There are several advantages to increasing your credit limit. In addition to having more funds (somewhat) at your disposal, having a higher credit limit will immediately lower your credit utilization, or your debt to limit ratio. A lower ratio makes for a happy credit score, and, therefore, a happy consumer.

If you’re considering increasing your credit limit, it’s important to make sure your credit score doesn’t get negatively affected. You may be able to lower your utilization ratio, but if a company puts a hard inquiry on your credit report in the process, you’re basically back to square one.

First and Foremost…

Before anything, make sure to check your credit report. About 8 out of 10 people have mistakes on their credit reports, making for big issues at critical times if left unattended. You wouldn’t want to request an increase, have your credit pulled, and be denied based on an inaccurate score.

Next, opening a new credit card in order to have more available credit will ultimately hurt you in the long run. Your credit report will suffer as a result of multiple inquiries, and you’ll get hit with more annual fees and finance charges than an overall increase is worth. The goal is to increase your credit limit without increasing the number of inquiries on your report.

Also, don’t request an increase unless you’re using 30% or less of your total credit limit. They’ll most likely deny you if you’re using any more, so save yourself the trouble. Here are a few ways to increase your credit limit with minimal to no damage.

The Online Option

Your first option is to simply go online and request an increase. Sometimes you’ll get an increase immediately, no credit check, no problem. Too good to be true? Not really. This means the card company was planning on giving you at least a small increase anyways, so they’ll give it to you on the spot. Card companies generally don’t give limit increases until you’ve had your card for at least 6 months, so if you ask for anything before then, you’ll probably be stuck with a “come back later.”

If they don’t offer you an initial increase, they’ll ask you for information about your current employer, your current income, etc., and will probably come with a credit inquiry. Unless you actually need the extra credit, try to avoid adding another inquiry on your report.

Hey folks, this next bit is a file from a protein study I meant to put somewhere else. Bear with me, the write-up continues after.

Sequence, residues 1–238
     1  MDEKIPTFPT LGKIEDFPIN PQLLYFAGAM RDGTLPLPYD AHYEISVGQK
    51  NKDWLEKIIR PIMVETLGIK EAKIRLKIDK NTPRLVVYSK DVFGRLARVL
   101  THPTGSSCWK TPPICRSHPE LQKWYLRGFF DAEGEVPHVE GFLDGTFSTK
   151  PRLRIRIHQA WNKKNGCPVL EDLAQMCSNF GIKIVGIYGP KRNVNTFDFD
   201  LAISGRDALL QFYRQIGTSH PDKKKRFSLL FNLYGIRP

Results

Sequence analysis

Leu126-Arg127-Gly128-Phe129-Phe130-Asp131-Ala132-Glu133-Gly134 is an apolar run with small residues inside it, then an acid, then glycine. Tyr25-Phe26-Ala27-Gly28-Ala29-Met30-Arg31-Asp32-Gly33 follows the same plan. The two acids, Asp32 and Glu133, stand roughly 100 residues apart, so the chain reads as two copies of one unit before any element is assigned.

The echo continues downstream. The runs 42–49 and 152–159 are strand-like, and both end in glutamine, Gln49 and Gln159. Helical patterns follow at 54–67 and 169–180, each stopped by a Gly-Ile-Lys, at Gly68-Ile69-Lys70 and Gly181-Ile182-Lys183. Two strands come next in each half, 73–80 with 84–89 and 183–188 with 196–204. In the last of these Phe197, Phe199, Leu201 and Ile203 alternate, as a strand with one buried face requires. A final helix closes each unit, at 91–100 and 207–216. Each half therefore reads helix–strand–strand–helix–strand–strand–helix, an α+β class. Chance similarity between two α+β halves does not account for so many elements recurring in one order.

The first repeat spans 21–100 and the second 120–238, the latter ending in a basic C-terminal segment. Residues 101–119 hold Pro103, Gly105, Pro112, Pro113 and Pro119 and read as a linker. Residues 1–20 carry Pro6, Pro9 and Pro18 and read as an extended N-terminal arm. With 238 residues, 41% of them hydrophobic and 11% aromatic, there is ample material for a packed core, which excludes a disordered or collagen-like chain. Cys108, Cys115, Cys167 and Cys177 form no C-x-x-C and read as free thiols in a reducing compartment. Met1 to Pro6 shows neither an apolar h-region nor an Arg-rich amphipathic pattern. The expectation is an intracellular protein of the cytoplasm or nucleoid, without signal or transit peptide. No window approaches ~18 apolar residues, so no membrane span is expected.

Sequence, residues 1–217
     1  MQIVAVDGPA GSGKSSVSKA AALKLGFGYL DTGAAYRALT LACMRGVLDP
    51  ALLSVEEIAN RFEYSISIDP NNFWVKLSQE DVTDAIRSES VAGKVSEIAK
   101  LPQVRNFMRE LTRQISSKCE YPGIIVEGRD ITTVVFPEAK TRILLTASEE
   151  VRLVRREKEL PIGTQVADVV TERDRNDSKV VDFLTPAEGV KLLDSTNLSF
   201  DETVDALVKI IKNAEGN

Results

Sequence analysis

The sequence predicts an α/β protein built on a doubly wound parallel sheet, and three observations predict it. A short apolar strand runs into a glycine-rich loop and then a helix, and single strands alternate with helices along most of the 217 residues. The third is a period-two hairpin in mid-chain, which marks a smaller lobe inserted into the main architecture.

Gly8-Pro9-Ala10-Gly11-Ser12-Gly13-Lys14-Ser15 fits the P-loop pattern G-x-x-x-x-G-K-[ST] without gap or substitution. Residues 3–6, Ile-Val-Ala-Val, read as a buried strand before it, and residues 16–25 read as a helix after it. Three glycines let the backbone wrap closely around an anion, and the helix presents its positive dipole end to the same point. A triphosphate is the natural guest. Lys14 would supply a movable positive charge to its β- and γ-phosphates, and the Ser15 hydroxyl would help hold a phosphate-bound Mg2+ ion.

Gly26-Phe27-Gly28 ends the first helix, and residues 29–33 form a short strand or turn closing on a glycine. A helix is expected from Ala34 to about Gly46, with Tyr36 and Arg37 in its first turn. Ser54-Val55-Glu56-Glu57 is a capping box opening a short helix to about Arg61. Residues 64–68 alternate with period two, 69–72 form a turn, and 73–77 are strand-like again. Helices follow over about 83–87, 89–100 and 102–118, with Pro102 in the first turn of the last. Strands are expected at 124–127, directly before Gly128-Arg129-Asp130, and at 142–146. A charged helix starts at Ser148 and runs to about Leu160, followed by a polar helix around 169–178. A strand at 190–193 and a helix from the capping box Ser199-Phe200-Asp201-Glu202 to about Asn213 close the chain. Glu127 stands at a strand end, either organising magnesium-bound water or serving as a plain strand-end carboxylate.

Talk It Up

American Express and Citi offer the online request option, but you may have to call and talk to a representative. When you call, ask to speak to a supervisor so that you don’t have to waste your time talking to a rep just to be transferred over when something needs authorization. When explaining your reasons for a credit increase, it helps to mention if you plan on making a large purchase in the near future, if you’re going on vacation, or if you’re considering a balance transfer to consolidate debt.

Remember that card companies are basically assessing you ask a risk, so don’t seem desperate for the credit.  Saying that you need the extra credit to pay something off or else it’ll get repossessed doesn’t look great to the company. Do your best to show that you want the increase, but aren’t in dire need of it.

Be A Model Citizen

And the most important factor in your candidacy for a credit limit increase is, of course, your overall credit worthiness. Card companies want to see that you’re a responsible borrower, so, at the risk of sounding like a broken record, always pay your credit card bill on time, pay more than the minimum, and DO NOT go over your credit limit. Never. Ever.

Most people think that if they have a few purchases and pay them on time, they’ll end up with an awesome credit score. Actually, credit companies want to see a more predictable credit history. They’re unsure about your spending habits if you only use it in emergencies, and if you originally used it for large purchases but recently have more day-to-day purchases like gas and coffee, creditors will be a little suspicious of your financial situation. Use your credit card as much as you (responsibly) can in order to create a consistent and predictable spending history.

Again, the name of the game is showing you can be trusted with credit, so do everything possible to show that you are a responsible borrower. You can reap the benefits of a higher credit limit, but always make sure you only take on as much as you can handle.

Angie Picardo is a staff writer for NerdWallet, a credit card website dedicated to helping consumers find solutions for bad credit.


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